First, I heard beeping.

Then I walked into Lobby 10 and I saw it.

It's a hack!

You can't really tell from this picture, but the sign says "Спутник."

My favorite photo of the bunch.

Right now I'm in the student lounge - the one with all the comfy green couches - and Sputnik is still up there. I know because I can still hear it beeping. :)

Hacks make me happy.

Wednesday, October 3, 2007

Happy days

Three pretty awesome things happened today.

First, a few hours ago I had my third test at MIT, in chemistry...and I didn't die! No, seriously, I finished this test feeling very confident about how I had done, and I consider that a victory. Supposedly I'll find out exactly how I did tomorrow.

Second, I got my third physics p-set back today. I'm currently taking 8.012, also affectionately dubbed "Physics for Masochists," and for good reason. Without a doubt, 8.012 is my hardest class - but I got a 99 on the p-set.

Even though it's just one p-set, I'm elated, naturally, because those problems took me practically forever to finish - and yet clearly, the effort paid off. Just the same, I know I couldn't have done it without help - so if any of the friends I worked with happen to be reading this...thanks. :)

Finally, I don't want to give too much away just yet - so at the risk of sounding overly mysterious, you may want to try doing a little creative poking around the MIT Admissions site. You may be amazed at what you find. ;)

Tuesday, October 2, 2007

Fifteen seconds of fame

So this morning on my way to class, I opened the new issue of The Tech, MIT's twice-weekly newspaper, and I make a most interesting discovery.

On Pages 1 and 13, in the article about the ongoing elections for 2011 Class Council and Senate, my name and my campaign are mentioned. You have to read very closely to notice it...but I'm definitely there.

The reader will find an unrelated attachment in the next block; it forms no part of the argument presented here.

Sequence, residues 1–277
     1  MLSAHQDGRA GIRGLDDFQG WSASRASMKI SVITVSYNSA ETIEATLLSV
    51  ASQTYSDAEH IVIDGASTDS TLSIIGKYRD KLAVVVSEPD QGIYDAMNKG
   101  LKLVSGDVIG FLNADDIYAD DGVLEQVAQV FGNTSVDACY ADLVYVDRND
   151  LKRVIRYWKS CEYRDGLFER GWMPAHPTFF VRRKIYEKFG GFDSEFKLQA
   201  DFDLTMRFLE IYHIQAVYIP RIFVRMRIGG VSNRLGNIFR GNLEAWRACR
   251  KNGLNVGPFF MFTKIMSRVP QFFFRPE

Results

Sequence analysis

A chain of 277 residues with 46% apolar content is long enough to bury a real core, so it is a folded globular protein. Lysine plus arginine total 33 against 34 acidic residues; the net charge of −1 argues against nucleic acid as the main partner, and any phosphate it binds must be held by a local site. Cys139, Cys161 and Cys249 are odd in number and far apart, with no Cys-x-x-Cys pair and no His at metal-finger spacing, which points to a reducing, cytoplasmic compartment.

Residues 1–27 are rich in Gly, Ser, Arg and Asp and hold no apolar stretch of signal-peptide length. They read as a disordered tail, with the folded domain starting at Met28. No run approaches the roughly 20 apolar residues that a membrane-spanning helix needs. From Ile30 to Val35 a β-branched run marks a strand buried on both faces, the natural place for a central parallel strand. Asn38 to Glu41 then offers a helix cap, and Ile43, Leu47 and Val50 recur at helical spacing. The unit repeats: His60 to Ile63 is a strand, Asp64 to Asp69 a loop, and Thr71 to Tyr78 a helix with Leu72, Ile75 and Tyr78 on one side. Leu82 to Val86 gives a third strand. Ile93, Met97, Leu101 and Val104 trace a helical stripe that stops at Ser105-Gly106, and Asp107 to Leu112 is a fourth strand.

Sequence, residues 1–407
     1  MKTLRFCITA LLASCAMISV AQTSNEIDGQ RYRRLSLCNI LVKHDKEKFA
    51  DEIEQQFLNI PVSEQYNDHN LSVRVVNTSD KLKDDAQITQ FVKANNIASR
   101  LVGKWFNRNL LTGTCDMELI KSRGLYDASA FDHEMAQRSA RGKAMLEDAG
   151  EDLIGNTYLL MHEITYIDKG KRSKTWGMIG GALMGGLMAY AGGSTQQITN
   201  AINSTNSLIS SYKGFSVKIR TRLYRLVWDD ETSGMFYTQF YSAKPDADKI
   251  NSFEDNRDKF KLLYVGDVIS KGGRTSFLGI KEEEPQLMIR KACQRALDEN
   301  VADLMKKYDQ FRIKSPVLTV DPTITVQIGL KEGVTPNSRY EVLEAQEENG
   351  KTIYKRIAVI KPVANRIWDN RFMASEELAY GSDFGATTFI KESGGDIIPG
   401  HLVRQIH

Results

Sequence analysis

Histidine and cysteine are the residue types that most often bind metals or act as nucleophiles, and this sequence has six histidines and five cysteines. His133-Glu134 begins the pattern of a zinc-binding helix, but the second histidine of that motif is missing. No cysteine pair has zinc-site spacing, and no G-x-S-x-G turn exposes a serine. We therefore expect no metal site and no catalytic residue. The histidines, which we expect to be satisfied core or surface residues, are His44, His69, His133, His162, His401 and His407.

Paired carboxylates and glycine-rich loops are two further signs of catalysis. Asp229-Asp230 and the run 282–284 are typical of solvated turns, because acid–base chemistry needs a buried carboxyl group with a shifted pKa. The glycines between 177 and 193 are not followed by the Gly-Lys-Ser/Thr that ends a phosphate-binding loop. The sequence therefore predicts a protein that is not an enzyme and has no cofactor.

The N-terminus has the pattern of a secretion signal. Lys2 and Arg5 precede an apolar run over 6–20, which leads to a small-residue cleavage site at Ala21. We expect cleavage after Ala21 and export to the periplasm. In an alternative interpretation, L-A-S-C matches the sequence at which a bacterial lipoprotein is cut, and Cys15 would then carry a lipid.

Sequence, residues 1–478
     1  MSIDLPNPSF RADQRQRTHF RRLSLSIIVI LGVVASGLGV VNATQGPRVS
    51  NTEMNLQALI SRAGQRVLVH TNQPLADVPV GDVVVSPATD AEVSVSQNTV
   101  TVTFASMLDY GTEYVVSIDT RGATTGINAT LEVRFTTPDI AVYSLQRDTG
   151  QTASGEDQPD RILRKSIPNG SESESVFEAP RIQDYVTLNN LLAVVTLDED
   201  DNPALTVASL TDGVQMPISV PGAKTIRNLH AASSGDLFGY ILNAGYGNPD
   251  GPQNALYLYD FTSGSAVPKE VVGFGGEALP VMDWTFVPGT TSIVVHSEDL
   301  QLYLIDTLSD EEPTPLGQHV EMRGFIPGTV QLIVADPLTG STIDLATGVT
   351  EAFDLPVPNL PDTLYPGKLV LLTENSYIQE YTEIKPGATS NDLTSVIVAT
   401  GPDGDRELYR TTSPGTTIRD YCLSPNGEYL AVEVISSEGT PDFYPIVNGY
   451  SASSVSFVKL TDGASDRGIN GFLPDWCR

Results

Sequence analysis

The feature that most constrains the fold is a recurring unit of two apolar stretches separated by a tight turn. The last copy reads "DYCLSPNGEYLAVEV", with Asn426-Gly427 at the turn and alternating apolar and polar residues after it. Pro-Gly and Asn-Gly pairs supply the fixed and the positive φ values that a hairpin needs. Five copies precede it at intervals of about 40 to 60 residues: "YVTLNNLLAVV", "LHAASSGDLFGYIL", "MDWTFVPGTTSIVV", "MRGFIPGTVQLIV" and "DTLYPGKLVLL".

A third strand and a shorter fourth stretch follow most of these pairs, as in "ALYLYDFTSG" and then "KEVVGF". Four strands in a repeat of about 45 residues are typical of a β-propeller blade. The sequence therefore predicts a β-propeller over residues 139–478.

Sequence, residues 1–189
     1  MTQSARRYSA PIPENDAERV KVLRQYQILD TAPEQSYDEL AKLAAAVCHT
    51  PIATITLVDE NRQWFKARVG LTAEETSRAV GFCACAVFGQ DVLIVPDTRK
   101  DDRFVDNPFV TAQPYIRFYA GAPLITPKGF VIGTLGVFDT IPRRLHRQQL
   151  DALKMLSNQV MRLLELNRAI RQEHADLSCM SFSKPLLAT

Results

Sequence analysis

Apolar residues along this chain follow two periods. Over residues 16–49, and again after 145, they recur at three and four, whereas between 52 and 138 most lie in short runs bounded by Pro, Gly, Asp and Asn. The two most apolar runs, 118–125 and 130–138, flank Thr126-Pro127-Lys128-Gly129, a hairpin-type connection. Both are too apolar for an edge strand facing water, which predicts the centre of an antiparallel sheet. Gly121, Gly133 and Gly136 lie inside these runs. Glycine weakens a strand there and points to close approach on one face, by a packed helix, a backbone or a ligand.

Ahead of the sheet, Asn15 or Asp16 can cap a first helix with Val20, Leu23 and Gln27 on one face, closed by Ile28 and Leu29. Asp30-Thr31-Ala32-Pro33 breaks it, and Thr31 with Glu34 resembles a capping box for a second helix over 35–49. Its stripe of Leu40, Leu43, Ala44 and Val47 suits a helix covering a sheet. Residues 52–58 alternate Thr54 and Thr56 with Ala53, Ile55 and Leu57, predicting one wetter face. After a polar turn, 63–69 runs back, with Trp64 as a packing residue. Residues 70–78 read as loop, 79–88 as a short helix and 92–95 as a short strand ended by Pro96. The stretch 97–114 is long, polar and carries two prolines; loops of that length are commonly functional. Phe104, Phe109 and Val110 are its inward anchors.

And you know what this means?

I'm famous.

I know it's not much, but it still made my day. :D

Monday, October 1, 2007

Mail call!

Okay, so I'm going to take a break from the depressing hacker policy stuff for a moment, because guess what came in the mail for me today?

Hooray for care packages!

In case you can't tell, that's 48 Nutri-Grain bars, 48 Chewy granola bars, 40 bags of microwave popcorn, 8 boxes of EasyMac, and one deliciously chocolatey box of M&M's. The desk worker said it was the biggest care package she had ever seen.

I have the most awesome parents in the world.

A Letter from Chancellor Clay

In my mailbox this morning I found this letter from Chancellor Clay to the MIT student body. Any emphasis is mine.

Dear Students:

I am writing to you about an important matter -- protecting our
celebrated traditions while taking full responsibility for our actions. As members of the MIT community, we must be committed to both. Events over the last year and trends over the last few years have raised legitimate concerns, and it has become clear that we need to reaffirm core principles and sharpen our commitment to our obligations.